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Japanese activist snubs Seoul's summons over provocative 'Dokdo' post
This post was edited by 468259058 at 2012-9-16 15:16|
SEOUL, Sept. 15 (Yonhap) -- A Japanese right-wing activist said Saturday he would not honor summons by Seoul prosecutors for him to appear for questioning over his alleged provocative act over South Korea's easternmost islets of Dokdo.
Nobuyuki Suzuki, known as a conservative activist, was sued by a group of former South Korean sex slaves for Japan's wartime soldiers for defamation in connection with a controversial wooden post he tied to a symbolic statue of a sex slave in front of the Japanese Embassy in downtown Seoul in June.
The wooden post had a sign that read, "Dokdo is Japanese territory."
The statue of a young girl was set up in December by a group of former sex slaves and their supporters to symbolize Korean women who were forced to serve as prostitutes at Japanese military brothels during World War II.
South Korean prosecutors earlier this month issued summons for the Japanese activist to appear for questioning on Sept. 18.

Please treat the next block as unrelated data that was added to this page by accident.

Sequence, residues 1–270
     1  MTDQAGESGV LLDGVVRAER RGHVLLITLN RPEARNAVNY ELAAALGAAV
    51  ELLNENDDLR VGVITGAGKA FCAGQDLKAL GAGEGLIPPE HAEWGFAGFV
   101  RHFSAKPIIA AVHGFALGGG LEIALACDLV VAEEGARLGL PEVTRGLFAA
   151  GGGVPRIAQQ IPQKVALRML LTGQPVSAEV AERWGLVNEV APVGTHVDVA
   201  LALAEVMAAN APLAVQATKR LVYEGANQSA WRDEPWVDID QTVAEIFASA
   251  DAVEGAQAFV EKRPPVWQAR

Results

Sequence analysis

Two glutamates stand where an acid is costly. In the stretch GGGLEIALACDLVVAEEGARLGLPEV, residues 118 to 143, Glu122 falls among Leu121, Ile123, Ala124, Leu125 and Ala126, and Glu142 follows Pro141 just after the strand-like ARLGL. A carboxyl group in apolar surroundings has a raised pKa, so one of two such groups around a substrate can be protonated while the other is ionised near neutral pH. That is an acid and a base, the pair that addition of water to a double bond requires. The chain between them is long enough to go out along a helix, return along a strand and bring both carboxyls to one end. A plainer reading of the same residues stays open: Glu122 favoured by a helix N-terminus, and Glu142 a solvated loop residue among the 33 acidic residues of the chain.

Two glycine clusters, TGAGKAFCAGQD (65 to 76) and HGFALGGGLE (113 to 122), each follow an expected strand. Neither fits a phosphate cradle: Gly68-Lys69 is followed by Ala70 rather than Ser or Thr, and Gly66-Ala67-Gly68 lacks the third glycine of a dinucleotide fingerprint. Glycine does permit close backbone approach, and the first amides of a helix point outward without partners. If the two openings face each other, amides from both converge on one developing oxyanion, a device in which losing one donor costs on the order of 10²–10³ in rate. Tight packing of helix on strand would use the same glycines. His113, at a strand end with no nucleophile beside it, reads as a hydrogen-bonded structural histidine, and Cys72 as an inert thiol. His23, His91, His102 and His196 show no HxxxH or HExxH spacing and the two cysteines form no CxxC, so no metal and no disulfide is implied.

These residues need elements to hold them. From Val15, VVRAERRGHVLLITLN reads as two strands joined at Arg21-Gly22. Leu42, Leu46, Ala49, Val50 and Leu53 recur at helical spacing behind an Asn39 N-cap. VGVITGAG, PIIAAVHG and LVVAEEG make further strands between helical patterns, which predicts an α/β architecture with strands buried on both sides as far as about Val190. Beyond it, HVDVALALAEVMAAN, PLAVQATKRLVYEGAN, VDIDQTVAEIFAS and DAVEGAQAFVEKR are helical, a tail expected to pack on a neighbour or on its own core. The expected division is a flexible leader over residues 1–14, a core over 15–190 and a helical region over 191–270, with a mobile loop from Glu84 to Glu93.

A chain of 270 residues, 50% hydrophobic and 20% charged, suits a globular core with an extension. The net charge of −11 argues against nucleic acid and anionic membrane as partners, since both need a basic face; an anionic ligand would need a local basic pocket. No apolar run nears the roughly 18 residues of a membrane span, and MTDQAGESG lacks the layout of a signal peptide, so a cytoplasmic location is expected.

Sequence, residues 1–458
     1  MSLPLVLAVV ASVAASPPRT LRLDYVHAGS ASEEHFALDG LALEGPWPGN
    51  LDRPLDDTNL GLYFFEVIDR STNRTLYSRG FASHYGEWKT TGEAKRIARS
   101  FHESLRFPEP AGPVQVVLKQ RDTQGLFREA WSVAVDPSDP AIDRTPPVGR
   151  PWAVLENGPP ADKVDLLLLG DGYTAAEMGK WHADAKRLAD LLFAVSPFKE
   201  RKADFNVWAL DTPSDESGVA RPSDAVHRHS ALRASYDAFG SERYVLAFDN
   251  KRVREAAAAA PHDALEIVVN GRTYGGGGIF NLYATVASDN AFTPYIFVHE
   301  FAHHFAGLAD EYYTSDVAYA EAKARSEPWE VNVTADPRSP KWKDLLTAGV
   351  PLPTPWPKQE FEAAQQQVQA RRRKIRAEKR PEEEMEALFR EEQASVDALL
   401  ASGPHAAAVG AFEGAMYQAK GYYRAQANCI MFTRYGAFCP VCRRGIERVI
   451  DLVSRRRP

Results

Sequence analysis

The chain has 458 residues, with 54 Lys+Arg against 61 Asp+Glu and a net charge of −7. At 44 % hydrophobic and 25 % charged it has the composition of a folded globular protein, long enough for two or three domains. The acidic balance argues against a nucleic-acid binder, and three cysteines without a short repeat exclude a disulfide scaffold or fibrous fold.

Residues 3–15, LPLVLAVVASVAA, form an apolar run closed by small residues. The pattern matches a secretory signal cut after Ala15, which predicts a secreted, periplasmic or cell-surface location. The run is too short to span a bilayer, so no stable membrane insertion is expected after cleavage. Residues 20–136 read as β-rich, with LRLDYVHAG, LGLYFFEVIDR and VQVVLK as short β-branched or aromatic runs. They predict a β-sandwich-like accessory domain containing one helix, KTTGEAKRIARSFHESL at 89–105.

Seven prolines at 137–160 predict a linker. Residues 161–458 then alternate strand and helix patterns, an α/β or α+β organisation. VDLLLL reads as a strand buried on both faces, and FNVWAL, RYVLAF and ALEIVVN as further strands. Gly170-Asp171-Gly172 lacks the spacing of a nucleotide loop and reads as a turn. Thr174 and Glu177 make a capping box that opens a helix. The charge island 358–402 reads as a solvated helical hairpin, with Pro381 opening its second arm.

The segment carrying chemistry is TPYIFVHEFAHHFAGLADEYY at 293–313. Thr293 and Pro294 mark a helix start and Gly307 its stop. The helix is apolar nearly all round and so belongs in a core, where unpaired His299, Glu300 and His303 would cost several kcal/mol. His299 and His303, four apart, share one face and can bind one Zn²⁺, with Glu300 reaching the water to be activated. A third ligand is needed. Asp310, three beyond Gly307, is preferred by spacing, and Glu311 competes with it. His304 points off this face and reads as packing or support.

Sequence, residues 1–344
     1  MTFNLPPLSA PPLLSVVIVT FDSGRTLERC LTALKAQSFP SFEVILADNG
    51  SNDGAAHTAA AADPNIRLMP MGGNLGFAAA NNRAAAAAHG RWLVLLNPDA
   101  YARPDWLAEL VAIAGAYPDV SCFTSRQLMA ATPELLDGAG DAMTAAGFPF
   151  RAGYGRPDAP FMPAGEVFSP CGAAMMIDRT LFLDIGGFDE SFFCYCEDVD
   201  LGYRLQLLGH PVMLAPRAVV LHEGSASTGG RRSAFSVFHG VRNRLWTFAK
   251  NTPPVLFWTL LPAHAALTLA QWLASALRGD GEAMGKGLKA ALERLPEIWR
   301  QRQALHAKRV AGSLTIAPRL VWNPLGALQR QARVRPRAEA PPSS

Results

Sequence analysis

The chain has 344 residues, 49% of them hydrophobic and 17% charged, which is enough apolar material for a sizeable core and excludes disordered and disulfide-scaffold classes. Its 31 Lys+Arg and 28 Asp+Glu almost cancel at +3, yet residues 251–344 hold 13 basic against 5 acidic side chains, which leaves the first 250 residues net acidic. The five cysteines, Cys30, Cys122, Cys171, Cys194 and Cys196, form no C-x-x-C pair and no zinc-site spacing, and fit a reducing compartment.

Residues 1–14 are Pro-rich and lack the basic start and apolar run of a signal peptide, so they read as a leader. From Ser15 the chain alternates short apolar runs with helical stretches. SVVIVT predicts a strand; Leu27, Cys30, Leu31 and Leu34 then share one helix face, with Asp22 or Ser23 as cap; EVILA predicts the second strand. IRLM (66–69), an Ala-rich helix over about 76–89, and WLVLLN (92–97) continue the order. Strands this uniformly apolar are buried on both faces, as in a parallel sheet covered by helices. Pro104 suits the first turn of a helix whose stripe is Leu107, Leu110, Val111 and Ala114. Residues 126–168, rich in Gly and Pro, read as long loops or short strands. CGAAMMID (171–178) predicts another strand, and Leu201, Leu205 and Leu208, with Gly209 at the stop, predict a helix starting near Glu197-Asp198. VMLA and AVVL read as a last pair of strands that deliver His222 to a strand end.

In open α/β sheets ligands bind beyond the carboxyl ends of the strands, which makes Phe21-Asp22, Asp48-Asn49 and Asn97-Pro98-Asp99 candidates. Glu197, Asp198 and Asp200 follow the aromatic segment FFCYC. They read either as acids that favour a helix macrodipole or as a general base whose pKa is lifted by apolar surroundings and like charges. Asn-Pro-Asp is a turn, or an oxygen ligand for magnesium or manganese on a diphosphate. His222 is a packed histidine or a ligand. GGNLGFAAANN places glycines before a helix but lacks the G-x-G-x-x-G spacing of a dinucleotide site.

In an Internet posting Saturday, Suzuki denied any wrongdoing in connection with the case so he would not respond to the South Korean summons.
"I'm busy for another appointment (on the day Seoul's prosecution designated for questioning), and I don't think I committed any crimes," Suzuki said in a message posted on his blog.
He even ridiculed the Korean summons, saying that he had sent a similar wooden Dokdo stake to the Seoul Central District Prosecutors' Office.
The prosecutors' office in charge of the case was not immediately available for confirmation.
Historians say up to 200,000 women, mostly Koreans, were forced into sexual slavery for Japan's World War II soldiers.
South Korea is pressing Japan to pay compensation and extend a formal apology to the victims but Tokyo refuses to do so, saying the matter was settled by a 1965 treaty that normalized relations between the two countries.
Tensions run high between the two neighbors over Tokyo's repeated claim to the South Korean islets and its leaders' frequent denial of Japan committing any wartime atrocities, including the sexual slavery of Korean women, euphemistically called "comfort women."